|Part of a series on|
Economic planning is a resource allocation system based on a computational procedure for solving a constrained maximization problem with an iterative process for obtaining its solution. Planning is a mechanism for the allocation of resources between and within organizations contrasted with the market mechanism. As an allocation mechanism for socialism, economic planning replaces factor markets with a procedure for direct allocations of resources within an interconnected group of socially owned organizations which comprise the productive apparatus of the economy.
There are various forms of economic planning that vary based on their specific procedures and approach. The level of centralization or decentralization in decision-making depends on the specific type of planning mechanism employed. In addition, one can distinguish between centralized planning and decentralized planning. An economy primarily based on planning is referred to as a planned economy. In a centrally planned economy, the allocation of resources is determined by a comprehensive plan of production which specifies output requirements. Planning can also take the form of indicative planning within a market-based economy, where the state employs market instruments to induce independent firms to achieve development goals.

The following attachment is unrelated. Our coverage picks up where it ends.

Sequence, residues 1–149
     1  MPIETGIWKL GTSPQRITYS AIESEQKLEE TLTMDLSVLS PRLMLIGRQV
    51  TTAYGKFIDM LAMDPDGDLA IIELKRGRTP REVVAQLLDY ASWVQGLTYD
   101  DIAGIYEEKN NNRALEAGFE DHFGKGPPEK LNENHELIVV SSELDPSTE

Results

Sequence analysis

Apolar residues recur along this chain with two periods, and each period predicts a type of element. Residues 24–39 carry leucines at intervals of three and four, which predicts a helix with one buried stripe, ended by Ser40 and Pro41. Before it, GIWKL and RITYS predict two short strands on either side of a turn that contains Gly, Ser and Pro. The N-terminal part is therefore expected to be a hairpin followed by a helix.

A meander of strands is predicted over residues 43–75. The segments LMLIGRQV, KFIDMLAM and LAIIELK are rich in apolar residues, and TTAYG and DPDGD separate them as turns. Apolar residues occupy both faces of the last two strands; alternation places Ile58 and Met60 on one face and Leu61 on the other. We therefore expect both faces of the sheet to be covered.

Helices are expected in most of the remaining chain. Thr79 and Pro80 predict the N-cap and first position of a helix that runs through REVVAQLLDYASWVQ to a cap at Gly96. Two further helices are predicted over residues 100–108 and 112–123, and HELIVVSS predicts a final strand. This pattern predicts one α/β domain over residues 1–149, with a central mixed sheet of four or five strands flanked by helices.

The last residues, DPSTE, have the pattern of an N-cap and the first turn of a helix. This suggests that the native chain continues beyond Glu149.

A distinction can be made between physical planning (as in pure socialism) and financial planning (as practiced by governments and private firms in capitalism). Physical planning involves economic planning and coordination conducted in terms of disaggregated physical units whereas financial planning involves plans formulated in terms of financial units.
|Part of a series on|
Different forms of economic planning have been featured in various models of socialism. These range from decentralized-planning systems which are based on collective decision-making and disaggregated information to centralized systems of planning conducted by technical experts who use aggregated information to formulate plans of production. In a fully developed socialist economy, engineers and technical specialists, overseen or appointed in a democratic manner, would coordinate the economy in terms of physical units without any need or use for financial-based calculation. The economy of the Soviet Union never reached this stage of development, so planned its economy in financial terms throughout the duration of its existence. Nonetheless, a number of alternative metrics were developed for assessing the performance of non-financial economies in terms of physical output (i.e. net material product versus gross domestic product).
In general, the various models of socialist economic planning such as a socialist mode of production exist as theoretical constructs that have not been implemented fully by any economy, partially because they depend on vast changes on a global scale. In the context of mainstream economics and the field of comparative economic systems, socialist planning usually refers to the Soviet-style command economy, regardless of whether or not this economic system actually constituted a type of socialism or state capitalism or a third, non-socialist and non-capitalist type of system.
In some models of socialism, economic planning completely substitutes the market mechanism, supposedly rendering monetary relations and the price system obsolete. In other models, planning is utilized as a complement to markets.